In 1934, the original woodblocks for the Fabrica, still in existence, were transported to New York, and used in a new edition, Icones anatomicae published by the New York Academy of Medicine.  Unfortunately we do not hold a copy of this work in the Library.  It is heartbreaking to learn that these woodblocks, having been safely returned to their home in Munich, were then destroyed by bombing in 1943.

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Other notable illustrations in the original work include the title-page, where Vesalius is shown carrying out his own  dissection in a very public arena.  Symbols in this image include the coat of arms of the Vesalius family depicting three weasels, since the family originated from the town of Wesel, now in Germany.





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A portrait of Vesalius is on another page, said to be by the artist Jan Stephan van Calcar (1499-c.1546), who studied under Titian and his school.  Vesalius must have approved of this illustration, as he used it again in later works.


The Fabrica was both instructive and influential, was exported abroad, and became the most important anatomical work over the next 300 years.  The Library’s copy of the modern edition can be requested and consulted in the General Reading Room.

Ex libris David Hume

Posted September 16, 2014 11:44 am by Anette Hagan | Permalink

Recently we had an opportunity to acquire a volume with five works by the French writer, historian and philosopher Voltaire (François-Marie Arouet) (1694-1778). They were printed between 1766 and 1769.

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But the really exciting thing about the volume (RB.s.2875(1-5)) is not its contents, but its provenance: it was formerly in the library of the eminent Scottish philosopher David Hume (1711-1776)! We know this because it contains Hume’s armorial bookplate on the front pastedown, and a handwritten listing of the contents on the front free endpaper in Hume’s own hand.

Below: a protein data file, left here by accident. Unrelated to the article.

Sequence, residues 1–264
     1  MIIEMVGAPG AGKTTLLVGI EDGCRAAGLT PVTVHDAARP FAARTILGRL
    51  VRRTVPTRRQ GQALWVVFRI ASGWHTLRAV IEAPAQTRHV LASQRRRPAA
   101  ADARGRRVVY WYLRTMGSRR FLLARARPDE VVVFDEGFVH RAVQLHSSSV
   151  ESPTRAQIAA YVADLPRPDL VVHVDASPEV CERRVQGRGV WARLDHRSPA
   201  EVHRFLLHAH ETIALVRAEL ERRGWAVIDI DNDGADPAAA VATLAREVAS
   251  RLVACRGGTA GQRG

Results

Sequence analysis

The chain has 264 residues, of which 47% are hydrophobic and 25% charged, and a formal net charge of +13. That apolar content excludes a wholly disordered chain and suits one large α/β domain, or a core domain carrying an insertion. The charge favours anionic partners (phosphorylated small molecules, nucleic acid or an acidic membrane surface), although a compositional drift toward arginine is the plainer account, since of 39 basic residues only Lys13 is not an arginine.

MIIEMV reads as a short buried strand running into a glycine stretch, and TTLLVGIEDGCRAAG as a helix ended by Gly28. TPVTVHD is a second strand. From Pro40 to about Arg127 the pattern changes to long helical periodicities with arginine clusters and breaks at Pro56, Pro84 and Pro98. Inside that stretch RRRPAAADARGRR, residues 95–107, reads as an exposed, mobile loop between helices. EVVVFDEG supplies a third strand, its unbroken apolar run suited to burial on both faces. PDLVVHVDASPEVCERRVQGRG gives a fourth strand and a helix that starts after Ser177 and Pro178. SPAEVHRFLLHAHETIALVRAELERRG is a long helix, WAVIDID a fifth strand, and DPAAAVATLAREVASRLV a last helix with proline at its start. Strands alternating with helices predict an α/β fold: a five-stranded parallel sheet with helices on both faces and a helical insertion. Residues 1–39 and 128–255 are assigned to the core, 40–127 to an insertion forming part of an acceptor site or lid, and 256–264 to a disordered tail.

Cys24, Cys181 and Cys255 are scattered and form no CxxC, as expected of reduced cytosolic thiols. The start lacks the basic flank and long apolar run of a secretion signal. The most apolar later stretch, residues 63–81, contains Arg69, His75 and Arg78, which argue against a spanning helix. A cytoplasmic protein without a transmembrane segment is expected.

The five works of Voltaire are: “La guerre civile de Geneve”, “Le philosophe ignorant”, “Le diner du Comte de Boulainvilliers”, “Lettres a son altesse monseigneur le prince de ****” and “La defense de mon oncle”.


The presence of works by the Frenchman in Hume’s library is hardly surprising. Both men were key figures of the Enlightenment in Europe, and their works were hugely influential. Although Voltaire entertained the likes of James Boswell, Adam Smith and Edward Gibbon in his home in Ferney near the Swiss Border, he never met Hume.

No precise listing of the volumes originally in Hume’s book collection exists. However, some idea of its contents can be ascertained from a catalogue produced by the Edinburgh bookseller Thomas Stevenson in 1840. There are over 200 French-language works in the Stevenson catalogue, including other works by Voltaire. If you are interested in his book collection, check out “David Hume’s Library” (GNE.1998.1.1).